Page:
- IMI improves funding rules and simplifies procedures
- IMI 5th call – preliminary outline of European lead factory topic released
- European Commission releases Horizon 2020
- Independent Observers: IMI 4th Call, Stage 1 evaluations conducted ‘independently and fairly’
- IMI on major international TV channel
- Michel Goldman discusses IMI at leading pharma conference
- IMI presentations at forthcoming conferences
- IMI Executive Office closed during the holiday period
IMI improves funding rules and simplifies procedures
IMI is pleased to announce details of significant changes to its rules that will both improve financial conditions and simplify management requirements for project participants. The new rules are set out in the newly-released model Grant Agreement and in the Financial Guidelines (which will be available early next year). From now on, participants in new and ongoing projects will be able to claim actual indirect (i.e. overhead) costs; previously only a flat rate of 20% of the direct eligible costs was possible. Reporting and accounting procedures have also been simplified, allowing projects to cut administration costs and save more for scientific activities. For example, partners now have the option of declaring average personnel costs. In addition, IMI is currently working on simplifying its application procedures and the scientific reporting procedures for ongoing projects.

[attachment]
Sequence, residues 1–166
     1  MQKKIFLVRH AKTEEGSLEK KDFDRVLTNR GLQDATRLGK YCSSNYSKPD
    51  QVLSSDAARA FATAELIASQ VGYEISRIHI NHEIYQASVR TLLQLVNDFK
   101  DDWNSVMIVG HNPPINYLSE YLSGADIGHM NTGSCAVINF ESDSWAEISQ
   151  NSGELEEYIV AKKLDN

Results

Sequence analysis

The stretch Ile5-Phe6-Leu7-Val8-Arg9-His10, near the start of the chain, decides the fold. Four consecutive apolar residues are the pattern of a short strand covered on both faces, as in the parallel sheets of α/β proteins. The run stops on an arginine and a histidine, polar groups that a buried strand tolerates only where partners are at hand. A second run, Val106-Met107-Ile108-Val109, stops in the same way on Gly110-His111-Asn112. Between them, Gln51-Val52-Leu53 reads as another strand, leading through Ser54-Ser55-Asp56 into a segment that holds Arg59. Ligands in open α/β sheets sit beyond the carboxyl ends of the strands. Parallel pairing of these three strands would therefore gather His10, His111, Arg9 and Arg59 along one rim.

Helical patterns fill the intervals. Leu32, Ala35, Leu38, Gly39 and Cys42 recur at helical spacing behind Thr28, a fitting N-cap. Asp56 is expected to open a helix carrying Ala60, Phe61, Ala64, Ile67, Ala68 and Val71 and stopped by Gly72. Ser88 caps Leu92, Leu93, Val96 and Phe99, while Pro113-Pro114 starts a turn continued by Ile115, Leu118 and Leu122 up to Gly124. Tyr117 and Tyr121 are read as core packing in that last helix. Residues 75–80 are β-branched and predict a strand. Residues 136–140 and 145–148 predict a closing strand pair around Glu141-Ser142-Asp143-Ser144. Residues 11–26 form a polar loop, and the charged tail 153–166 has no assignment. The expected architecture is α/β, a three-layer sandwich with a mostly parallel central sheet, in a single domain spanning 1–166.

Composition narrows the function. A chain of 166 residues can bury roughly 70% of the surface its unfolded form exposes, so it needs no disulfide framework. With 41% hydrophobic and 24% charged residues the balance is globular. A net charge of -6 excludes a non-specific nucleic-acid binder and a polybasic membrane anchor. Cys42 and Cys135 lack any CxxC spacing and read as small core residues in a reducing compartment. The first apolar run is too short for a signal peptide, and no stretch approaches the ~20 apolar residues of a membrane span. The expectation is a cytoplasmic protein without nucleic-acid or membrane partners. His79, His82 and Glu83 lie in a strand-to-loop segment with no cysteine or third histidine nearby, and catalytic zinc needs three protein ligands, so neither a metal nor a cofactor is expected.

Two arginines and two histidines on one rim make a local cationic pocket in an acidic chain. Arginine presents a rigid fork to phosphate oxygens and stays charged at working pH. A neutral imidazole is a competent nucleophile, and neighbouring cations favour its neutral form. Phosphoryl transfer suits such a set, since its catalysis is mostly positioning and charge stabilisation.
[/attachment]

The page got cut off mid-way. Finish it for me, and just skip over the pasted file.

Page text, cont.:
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IMI 5th call – preliminary outline of European lead factory topic released
An outline of the indicative IMI Call topic ‘European lead factory: Joint European compound library and screening centre’ is now available on the IMI website. In their hunt for new drugs, scientists screen large numbers of molecules in compound libraries; pharmaceutical companies currently have vast compound libraries, but these cannot be accessed by external groups. Under the new project, the compound libraries of both companies and public organisations would be pooled to create a large facility that could be accessed by all partners in the project. In addition, the project will develop novel tools to improve screening procedures and pick up interesting molecules that might otherwise be missed.
Note that all information regarding the 5th Call is indicative, pending approval by the Governing Board.
European Commission releases Horizon 2020
The European Commission has released its proposals for its next research and innovation framework programme. Dubbed Horizon 2020, the €80 billion programme will run from 2014 to 2020 and has three key aims: promoting scientific excellence in Europe, boosting innovation, and addressing major societal challenges (including health, demographic change and well-being). According to the proposal, existing public-private partnerships (PPPs) like IMI may continue to receive support if they address Horizon 2020 objectives, meet Horizon 2020 criteria and have made significant progress under the current framework programme (FP7). The proposals will now be discussed by the European Parliament and the EU Member States. Meanwhile the European Commission presented the proposals in more detail to IMIs Scientific Committee. EFPIA also presented its ideas for the future.